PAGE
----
1. Now, search for Response (or rather Request) in the Connectors list and you’ll be able to choose the Response action.


  2. In the same, you can then choose what Response code you want to return. This will differ based on where you use this. Example, if you use this Response Action in case of some error, you can return 500 or 404 if something was not found, depends.
    In this case, I’m returning 200 OK and the JSON of my message and sending back the Token (Auto-number field on Request entity record creation)

  3. Here, my Flow is complete.

Testing the Flow

Understand the building blocks of the Flow. Accept Request –> Process –> Response.

Now, the URL we get when we save the Flow is the one that goes to the developers/consumers.
It contain some tokens and header information.

See how I tested it using Postman.

  1. Once I copied it from the Flow and pasted in Postman, the Headers were populated automatically in Postman. (And then you can use this to build your code later on)


  2. Now, I am sending the data in the body in the following way

  3. Now, let’s say I submit the request using Postman.
    A record will be created in my D365 (Common Data Service)

  4. And the Token that the record generated will be returned as response back to Postman

    With the status of 200 OK

  5. And that’s how you can receive HTTP requests and send back responses using Flow in Power Automate.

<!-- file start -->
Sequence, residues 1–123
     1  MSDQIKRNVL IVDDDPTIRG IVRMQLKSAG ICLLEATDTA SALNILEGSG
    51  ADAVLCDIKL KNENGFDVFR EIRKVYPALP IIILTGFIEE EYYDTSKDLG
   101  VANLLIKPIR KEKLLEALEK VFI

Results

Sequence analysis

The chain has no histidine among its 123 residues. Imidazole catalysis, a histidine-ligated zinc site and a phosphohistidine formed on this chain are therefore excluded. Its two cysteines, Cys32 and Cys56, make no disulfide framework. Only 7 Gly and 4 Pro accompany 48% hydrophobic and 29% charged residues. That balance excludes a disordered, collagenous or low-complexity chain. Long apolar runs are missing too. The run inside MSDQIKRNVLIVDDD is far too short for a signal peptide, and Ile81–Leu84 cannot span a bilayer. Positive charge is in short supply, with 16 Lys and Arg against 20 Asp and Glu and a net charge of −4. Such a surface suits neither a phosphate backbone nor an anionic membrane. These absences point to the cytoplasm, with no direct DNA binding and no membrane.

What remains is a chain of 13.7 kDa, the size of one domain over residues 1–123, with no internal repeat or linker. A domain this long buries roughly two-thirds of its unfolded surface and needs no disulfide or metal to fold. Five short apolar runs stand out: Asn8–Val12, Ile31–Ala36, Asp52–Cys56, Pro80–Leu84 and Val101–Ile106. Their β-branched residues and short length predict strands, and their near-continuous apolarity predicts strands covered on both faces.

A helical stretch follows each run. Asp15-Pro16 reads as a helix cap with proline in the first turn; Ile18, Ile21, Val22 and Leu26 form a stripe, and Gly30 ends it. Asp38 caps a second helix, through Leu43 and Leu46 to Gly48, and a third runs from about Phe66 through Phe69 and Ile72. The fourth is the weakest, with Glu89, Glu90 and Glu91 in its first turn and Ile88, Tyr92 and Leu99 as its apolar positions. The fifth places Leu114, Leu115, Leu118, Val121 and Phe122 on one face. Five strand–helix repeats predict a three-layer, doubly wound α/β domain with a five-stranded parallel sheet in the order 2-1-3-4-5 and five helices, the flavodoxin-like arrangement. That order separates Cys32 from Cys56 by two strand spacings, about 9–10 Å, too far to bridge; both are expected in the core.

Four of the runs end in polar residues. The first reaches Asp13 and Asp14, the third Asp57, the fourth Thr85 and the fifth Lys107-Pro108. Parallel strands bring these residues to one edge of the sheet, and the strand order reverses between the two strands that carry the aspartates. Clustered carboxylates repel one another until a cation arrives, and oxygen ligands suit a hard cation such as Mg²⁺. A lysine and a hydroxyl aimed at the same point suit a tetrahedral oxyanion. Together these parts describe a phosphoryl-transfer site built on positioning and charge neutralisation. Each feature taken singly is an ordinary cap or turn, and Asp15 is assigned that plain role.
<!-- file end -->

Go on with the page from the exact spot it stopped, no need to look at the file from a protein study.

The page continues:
Here are some more Power Automate / Flow posts you might want to look at

  1. Make HTTP request from Flow in Power Automate
  2. Setting Retry Policy for an HTTP request in a Flow | Power Automate
  3. Terminate a Flow with Failed/Cancelled status | Power Automate
  4. Adaptive Cards for Teams to collect data from users using Power Automate | SharePoint Lists
  5. BPF Flow Step as a Trigger in CDS (Current Environment) connector | Power Automate
  6. ChildFlowUnsupportedForInvokerConnections error while using Child Flows [SOLVED] | Power Automate
  7. Generate Dynamics 365 record link in a Flow using CDS connector | Power Automate
  8. Pause a Flow using Delay and Delay Until | Power Automate
  9. Get Count of records retrieved in CDS connector in a Flow | Power Automate
  10. Call a Dynamics 365 Action from Flow [Bound and Unbound Actions] | Power Automate
  11. Switch-Case in a Flow | Power Automate